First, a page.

As of today, right now, while you’re reading this, more human beings will log into Snapchat in the next 24 hours and use it than our beloved Twitter. To ignore where all that attention is going would be foolish. We need to stop writing it off as “for kids” and stop avoiding it because “the analytics aren’t there yet”, and instead just dive in and start playing around and having fun with it. That’s the best way to learn.

What’s your #1 piece of advice for entrepreneurs who are starting from scratch with social media marketing?

Ditch all strategy decks and headlines you read and find a whiteboard. Write down your most important goal as a startup at the top – your business goal, not a marketing goal. Now write as many hypotheses as you can about what you think might hit that goal as it applies to social or marketing more broadly.

Then pick the 3 that just feel the most likely to succeed and test them quickly. If one works, drop the rest, double-down on the successful test, and add a few more tests while you’re at it.

In other words, startup marketing is much more about knowing how to find the answer than me sitting here saying, “THIS is the answer that applies everywhere.”

Also? Read Traction by Gabriel Weinberg or listen to his wisdom here.

What social network do you spend the most time on and what social media marketing tool could you not live without?

Snapchat all around! (I’m @jayacunzo over there.) I goof off, I show behind-the-scenes of my show, and I generally have more fun on that app than anything I do. It also doubles as tremendous marketing for my show, Unthinkable, since I show so much of my process and thinking (good and bad). The app allows for tremendous creativity and storytelling, and the people are just that—people—unlike so much of the behavior you find on other channels.

Neil Patel, Co-Founder of Crazy Egg & KISSmetrics

neil patel shopify

What is the biggest change/challenge you foresee in the near future of social media marketing?

Social networks have been adjusting their algorithms and making it harder for companies to do well “organically”. Essentially it is turning into a “pay to play” game which is going to take a lot of companies out.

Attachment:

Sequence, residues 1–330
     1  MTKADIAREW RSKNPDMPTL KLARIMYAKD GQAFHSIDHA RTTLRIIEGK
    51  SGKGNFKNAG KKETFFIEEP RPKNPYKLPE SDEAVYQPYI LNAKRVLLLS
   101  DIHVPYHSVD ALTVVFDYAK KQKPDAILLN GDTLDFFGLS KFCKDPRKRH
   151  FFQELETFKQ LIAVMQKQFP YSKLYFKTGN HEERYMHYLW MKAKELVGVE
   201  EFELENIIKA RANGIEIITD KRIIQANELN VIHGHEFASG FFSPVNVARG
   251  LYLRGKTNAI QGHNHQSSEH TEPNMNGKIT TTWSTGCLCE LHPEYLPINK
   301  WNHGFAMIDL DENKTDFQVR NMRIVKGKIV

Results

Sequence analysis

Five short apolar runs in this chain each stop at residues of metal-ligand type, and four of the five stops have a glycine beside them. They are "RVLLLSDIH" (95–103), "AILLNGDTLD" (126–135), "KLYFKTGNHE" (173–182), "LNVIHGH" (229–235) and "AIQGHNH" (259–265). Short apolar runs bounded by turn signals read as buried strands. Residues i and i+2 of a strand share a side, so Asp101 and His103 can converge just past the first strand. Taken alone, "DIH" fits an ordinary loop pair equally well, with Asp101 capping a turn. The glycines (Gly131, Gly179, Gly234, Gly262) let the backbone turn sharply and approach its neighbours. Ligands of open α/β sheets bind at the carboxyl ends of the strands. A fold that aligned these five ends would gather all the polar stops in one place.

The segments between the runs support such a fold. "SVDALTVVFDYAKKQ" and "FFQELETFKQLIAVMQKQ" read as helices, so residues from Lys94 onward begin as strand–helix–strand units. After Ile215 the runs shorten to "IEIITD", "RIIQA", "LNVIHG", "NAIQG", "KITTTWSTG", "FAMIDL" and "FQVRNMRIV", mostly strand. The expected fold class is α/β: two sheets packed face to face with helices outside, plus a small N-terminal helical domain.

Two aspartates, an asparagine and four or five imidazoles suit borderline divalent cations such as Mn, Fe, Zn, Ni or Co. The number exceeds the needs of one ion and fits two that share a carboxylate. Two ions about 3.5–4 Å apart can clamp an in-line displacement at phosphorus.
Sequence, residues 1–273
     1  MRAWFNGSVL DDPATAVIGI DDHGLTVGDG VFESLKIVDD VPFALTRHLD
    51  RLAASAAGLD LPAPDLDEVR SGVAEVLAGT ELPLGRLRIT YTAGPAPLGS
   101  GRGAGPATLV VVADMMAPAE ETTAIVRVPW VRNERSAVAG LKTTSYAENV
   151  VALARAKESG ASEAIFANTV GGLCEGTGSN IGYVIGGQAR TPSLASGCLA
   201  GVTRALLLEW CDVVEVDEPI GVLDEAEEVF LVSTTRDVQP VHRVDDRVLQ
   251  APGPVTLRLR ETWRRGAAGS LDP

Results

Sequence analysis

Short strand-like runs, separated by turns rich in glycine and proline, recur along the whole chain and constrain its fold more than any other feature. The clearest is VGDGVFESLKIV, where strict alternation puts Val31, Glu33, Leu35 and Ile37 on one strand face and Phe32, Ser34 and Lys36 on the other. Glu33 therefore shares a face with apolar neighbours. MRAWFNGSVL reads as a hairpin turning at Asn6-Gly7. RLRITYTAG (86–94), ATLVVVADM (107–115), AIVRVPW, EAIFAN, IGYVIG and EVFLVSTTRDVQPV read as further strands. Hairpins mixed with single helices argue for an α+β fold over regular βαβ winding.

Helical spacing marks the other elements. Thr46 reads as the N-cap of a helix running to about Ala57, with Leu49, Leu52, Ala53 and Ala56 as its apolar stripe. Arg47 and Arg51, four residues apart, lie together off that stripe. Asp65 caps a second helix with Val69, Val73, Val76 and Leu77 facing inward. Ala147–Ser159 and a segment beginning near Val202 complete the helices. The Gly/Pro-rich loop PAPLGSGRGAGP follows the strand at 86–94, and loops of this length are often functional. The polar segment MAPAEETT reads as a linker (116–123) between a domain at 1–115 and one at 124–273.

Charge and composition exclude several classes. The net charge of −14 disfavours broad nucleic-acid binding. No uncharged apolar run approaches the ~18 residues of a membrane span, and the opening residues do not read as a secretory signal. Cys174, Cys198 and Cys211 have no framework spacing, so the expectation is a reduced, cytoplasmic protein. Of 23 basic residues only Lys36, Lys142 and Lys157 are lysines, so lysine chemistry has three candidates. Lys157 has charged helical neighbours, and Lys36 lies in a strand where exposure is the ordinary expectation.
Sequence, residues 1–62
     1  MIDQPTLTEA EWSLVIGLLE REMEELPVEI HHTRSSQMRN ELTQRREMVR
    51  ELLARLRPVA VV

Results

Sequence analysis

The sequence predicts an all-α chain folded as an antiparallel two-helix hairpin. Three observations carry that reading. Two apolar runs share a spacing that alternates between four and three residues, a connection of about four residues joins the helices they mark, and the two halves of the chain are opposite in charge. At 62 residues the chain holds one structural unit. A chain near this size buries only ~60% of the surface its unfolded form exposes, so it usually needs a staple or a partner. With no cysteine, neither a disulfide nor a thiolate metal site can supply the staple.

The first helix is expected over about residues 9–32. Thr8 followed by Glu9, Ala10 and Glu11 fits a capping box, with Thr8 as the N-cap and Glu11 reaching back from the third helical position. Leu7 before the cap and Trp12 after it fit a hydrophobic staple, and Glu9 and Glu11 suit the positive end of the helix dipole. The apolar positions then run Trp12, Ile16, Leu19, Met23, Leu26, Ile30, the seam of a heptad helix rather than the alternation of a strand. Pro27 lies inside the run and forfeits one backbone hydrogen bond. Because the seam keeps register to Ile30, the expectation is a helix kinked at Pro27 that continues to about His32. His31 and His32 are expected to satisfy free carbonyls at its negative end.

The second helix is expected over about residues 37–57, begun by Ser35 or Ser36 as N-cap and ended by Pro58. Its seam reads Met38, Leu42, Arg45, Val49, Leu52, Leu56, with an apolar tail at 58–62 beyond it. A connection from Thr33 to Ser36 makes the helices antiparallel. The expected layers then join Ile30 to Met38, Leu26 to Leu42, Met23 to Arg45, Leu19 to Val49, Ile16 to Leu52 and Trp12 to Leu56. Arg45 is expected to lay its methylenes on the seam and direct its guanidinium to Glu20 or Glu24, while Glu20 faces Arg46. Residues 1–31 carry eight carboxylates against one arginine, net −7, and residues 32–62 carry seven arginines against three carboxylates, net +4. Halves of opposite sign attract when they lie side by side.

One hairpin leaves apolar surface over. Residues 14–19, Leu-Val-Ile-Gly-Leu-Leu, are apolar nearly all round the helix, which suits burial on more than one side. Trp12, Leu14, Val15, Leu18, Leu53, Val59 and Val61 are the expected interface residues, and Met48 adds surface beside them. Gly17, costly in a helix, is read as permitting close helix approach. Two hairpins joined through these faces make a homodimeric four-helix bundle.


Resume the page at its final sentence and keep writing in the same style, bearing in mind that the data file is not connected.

What channel should entrepreneurs be keeping their eyes on and why?

Snapchat. It’s hard to say how you can make money from it or use it to drive more ecommerce sales, but the one thing we know is that Snapchat users are really engaged.

What’s your #1 piece of advice for new entrepreneurs who are starting from scratch with their social media marketing?

Don’t go for large follower counts. Focus on engagement. If you have extremely high engagement for the number of followers you have, your content is much more likely to spread virally.

What social network do you spend the most time on and what social media marketing tool could you not live without?

I spend most of my time on Twitter because it is an easy place for me to find out what is happening in the world.

As for tool, I love Buzzsumo as it shows me what type of content I should be creating.

Brian Peters, Social Media at Buffer

brian peters social media marketing

What is the biggest change/challenge you foresee in the near future of social media marketing?

One of the biggest challenges right now in social media marketing is figuring out ways to stay relevant in a social media landscape that is moving from organic to paid fairly quickly.

Brands and entrepreneurs with small or no social media advertising budgets can benefit from being scrappy with their marketing. The ability to pivot and jump on new tools, trends, opportunities before big players move into that space can offer a huge competitive advantage.

What channel should entrepreneurs be keeping their eyes on and why?

As many of your readers probably know, Snapchat is one of the fastest growing social media channels out there. It’s an authentic and engaging platform that offers brands an opportunity to connect and interact with their audience for free.

At Buffer (@buffersnaps) we receive anywhere from 400–600 views on any one of the Snaps that we put out and it doesn’t cost us a dime in advertising. Right now, Snapchat’s API is closed for 3rd party integration, but I can see that changing in the near future, offering brands even more ways to get creative in a space where younger generations hang out.